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Why do I say this issue is relevant today, in these presidential elections? Because it’s a good indicator of what role the candidate, if elected, will carve out for himself.
If you’re looking for a president who is there to “complement” the government — a word I found the mainstream media applying as a desirable attribute — then you will see this in Tony Tan and maybe even Tan Cheng Bock. On this issue of the 1987 detentions, they’re not about to rock the boat and re-interrogate past events.
If you’re looking for someone less deferential to the official record, then you have Tan Jee Say and Tan Kin Lian. Jee Say, as you can see in an interview I did with him a little while back, wants to be “the conscience of the nation” if he becomes the president. Kin Lian asserts fairness and honesty as among his foundational values.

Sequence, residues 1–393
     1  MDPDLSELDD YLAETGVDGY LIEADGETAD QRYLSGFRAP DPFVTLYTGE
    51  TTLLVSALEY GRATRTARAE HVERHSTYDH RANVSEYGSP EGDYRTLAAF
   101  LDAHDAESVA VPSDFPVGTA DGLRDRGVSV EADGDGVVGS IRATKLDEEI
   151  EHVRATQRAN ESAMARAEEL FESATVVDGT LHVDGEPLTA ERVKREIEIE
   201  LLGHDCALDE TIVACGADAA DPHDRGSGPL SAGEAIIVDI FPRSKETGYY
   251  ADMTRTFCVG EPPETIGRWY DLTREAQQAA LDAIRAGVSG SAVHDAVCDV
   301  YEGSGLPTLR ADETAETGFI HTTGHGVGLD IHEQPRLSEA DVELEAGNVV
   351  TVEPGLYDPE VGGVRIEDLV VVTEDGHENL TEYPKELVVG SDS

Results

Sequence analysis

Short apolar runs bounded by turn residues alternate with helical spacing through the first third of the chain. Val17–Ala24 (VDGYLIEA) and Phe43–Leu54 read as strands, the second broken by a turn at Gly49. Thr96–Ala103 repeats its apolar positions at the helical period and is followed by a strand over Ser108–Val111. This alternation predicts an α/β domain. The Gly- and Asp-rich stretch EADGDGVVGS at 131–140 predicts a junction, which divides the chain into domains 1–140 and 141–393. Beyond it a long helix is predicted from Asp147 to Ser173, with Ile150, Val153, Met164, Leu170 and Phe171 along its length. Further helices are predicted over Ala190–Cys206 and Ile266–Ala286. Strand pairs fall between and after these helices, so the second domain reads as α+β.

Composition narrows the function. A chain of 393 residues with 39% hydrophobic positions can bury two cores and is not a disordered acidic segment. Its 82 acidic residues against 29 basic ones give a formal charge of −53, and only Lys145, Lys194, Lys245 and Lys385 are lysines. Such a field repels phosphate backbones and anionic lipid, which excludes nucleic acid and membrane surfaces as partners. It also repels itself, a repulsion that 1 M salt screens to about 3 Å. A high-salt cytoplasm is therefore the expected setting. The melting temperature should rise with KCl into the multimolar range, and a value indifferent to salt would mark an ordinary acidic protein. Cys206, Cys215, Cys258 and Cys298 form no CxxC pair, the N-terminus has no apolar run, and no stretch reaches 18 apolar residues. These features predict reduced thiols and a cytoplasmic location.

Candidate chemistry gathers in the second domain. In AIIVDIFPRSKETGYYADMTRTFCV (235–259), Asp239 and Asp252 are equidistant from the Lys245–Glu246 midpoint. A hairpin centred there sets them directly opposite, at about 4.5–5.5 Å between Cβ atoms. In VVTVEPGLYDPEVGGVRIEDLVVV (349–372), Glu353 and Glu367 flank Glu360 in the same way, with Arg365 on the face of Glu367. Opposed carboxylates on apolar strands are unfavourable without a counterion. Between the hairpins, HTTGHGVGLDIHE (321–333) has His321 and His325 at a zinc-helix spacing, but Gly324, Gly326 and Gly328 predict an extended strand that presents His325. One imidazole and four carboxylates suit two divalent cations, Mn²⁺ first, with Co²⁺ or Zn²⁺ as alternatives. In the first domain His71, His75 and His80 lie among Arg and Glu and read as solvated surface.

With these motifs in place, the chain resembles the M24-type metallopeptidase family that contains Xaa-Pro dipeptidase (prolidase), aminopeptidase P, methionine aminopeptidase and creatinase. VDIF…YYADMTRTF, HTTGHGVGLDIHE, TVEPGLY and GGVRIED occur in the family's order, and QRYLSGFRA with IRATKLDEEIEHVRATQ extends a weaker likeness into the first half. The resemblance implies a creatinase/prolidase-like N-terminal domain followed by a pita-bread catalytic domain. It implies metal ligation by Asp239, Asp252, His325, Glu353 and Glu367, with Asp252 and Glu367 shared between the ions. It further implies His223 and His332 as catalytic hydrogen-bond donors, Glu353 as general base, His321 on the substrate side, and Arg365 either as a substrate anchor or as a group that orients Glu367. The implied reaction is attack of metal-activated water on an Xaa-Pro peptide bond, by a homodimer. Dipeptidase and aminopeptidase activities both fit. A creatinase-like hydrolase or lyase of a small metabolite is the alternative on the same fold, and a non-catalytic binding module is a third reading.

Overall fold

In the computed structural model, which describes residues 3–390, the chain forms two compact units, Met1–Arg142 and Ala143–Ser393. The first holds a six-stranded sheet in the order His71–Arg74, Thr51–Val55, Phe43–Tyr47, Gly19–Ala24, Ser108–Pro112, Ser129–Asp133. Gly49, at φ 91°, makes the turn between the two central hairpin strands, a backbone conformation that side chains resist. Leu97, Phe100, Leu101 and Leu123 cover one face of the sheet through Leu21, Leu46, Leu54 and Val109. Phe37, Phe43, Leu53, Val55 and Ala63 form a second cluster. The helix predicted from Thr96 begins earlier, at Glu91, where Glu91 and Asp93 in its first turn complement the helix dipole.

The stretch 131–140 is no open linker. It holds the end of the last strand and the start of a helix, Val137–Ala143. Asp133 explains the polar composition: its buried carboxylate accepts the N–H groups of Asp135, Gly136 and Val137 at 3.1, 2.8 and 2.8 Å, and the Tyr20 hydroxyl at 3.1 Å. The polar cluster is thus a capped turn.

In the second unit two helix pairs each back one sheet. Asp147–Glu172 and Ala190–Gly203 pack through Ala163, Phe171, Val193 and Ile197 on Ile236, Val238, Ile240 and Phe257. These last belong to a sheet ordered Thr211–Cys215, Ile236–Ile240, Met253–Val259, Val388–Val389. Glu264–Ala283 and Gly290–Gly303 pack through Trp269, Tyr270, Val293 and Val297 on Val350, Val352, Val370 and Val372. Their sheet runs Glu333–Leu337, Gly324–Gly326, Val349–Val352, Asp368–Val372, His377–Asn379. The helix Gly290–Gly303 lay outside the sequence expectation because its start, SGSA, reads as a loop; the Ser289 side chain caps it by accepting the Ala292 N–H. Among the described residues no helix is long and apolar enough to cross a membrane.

Despite the specificity of the question asked at the forum, the issue is not just about the 1987 arrests or even detention without trial in general. What we see in their responses to this question is almost like a huge spotlight on how they would play the role of president. At least one, if not two, would stay on the side of the government when it comes to defending its record, which also means that he would probably be suspicious of any accusations that the current and future direction of government policy — whether on matters of security, economy or social policy — is wrong. It is the instinctive bias within him/them.
The other two live up better to their claims of being independent and non-partisan, in the sense that there is no instinctive bias. But it also means that with them in the Istana (the presidential palace), the risk of conflict with the current government is greater. Some voters might think that is a bad thing to be avoided. Others might think that is a good thing, part and parcel of freeing up Singapore’s political scene; these same people might say, how do we know what is the best policy possible unless there is open debate?
So, while the question asked in the forum was about the past, the responses offered were pointers to the future.